Reviewed by Richard Lane

March 2015

Eugene O’Neill’s Long Day’s Journey into Night  justifiably  resides with Arthur Miller’s  Death Of a Salesman as the “Great American Play.”

O’Neill’s play  contains no major dramatic action, instead  concerning itself with a dysfunctional family, the Tyrones. 

The only plot line is  whether youngest son Edmund has tuberculosis and whether Mary has returned to her morphine. By the final curtain we  discover  the answers to each of these. As for the rest of it, the family  spend the duration of the play from morning until late at night, arguing, carping and living amongst its past sins, grief, frustrations and losses.  At one point we are reminded of this when Mary says “The past is the present isn’t it? It’s the future too. We all try to lie out of that, but life won’t let us.”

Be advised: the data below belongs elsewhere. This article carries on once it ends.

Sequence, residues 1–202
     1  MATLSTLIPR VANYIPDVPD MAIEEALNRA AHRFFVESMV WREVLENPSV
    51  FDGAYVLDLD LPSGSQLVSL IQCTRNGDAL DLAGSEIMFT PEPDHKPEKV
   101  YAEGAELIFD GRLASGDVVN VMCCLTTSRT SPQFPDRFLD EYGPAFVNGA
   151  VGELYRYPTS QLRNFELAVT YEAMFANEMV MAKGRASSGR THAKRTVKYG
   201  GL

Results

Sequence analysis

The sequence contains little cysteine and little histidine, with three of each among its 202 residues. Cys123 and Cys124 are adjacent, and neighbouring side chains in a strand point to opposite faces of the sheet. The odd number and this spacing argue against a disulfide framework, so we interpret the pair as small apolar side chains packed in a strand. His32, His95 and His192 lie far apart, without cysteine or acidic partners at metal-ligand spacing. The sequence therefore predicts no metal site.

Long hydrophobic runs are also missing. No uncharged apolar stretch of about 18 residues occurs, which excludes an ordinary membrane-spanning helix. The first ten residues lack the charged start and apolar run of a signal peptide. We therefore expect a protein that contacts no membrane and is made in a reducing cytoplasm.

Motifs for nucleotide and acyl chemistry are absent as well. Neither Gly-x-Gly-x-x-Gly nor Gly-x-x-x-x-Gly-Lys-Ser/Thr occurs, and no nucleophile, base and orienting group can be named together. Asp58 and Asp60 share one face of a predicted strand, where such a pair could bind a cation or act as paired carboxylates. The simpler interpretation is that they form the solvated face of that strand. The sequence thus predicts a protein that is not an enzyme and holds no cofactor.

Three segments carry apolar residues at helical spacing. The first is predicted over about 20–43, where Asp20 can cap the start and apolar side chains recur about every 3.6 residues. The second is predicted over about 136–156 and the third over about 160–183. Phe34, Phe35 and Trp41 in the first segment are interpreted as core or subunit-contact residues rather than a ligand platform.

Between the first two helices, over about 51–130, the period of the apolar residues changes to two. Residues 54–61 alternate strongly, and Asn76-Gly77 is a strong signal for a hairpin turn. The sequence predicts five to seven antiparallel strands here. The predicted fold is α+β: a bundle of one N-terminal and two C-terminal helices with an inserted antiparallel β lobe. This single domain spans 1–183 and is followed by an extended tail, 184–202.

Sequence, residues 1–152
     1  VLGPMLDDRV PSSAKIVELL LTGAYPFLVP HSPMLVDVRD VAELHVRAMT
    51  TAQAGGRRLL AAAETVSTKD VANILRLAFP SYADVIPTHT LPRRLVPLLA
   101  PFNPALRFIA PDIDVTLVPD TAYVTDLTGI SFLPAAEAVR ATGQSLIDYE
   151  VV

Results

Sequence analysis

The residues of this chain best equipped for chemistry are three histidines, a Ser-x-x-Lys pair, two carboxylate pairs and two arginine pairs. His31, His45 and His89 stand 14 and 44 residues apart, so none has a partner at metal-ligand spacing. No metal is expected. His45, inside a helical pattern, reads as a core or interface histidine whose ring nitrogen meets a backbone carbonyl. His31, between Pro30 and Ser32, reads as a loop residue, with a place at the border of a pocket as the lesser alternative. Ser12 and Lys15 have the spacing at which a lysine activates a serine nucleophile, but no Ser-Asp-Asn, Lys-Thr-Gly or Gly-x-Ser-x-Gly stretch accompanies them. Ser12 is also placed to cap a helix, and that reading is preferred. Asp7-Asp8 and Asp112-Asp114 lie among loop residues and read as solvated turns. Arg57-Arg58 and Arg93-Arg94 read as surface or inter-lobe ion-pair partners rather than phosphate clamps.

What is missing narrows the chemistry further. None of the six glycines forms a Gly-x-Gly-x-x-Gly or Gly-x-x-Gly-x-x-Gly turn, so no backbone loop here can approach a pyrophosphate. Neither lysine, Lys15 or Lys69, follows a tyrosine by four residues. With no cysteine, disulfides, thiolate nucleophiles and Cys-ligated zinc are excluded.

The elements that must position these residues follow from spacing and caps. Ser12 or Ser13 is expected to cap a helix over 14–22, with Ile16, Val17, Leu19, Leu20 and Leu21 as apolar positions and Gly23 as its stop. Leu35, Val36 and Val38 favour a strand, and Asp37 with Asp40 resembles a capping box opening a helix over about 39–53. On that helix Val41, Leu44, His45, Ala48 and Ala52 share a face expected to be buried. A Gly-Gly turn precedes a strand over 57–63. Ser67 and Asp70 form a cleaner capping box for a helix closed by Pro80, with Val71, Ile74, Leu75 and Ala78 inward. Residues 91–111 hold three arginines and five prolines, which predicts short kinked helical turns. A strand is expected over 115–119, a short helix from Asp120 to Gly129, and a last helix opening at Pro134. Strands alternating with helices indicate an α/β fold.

Director Rob Croser’s hand is firmly on this production. He has produced (and reduced) a sombre but beautiful tragic family piece of serious theatre.

The detailed design by Rob and David Roach is a multi-layered living room of the Tyrone’s and is redolent of its time and place. Costumes by Sandra Davis and Angela Doherty – the same.

The performances are all from the top drawer with Bronwyn Ruciak shining as Mary,wife and mother never getting over the loss of her beloved father, her son and now possibly Edmund her youngest.

David Roach as James Tyrone gives another fine performance, although he often raises his voice perhaps more than the playwright envisaged he should.

As older son Jamie, Angus Henderson is an aggressive drunk and Benji Riggs as younger son Edmund, is physically and emotionally accurate. As the maid Cathleen, Heather McNab is a suitable foil for Mary.

Mr Croser has melded the performances of his actors into an ensemble par excellence  providing us with the reflection upon leaving the theatre  after watching a family accuse, deny, argue and forgive  that, “…there  but for the grace of God…..”

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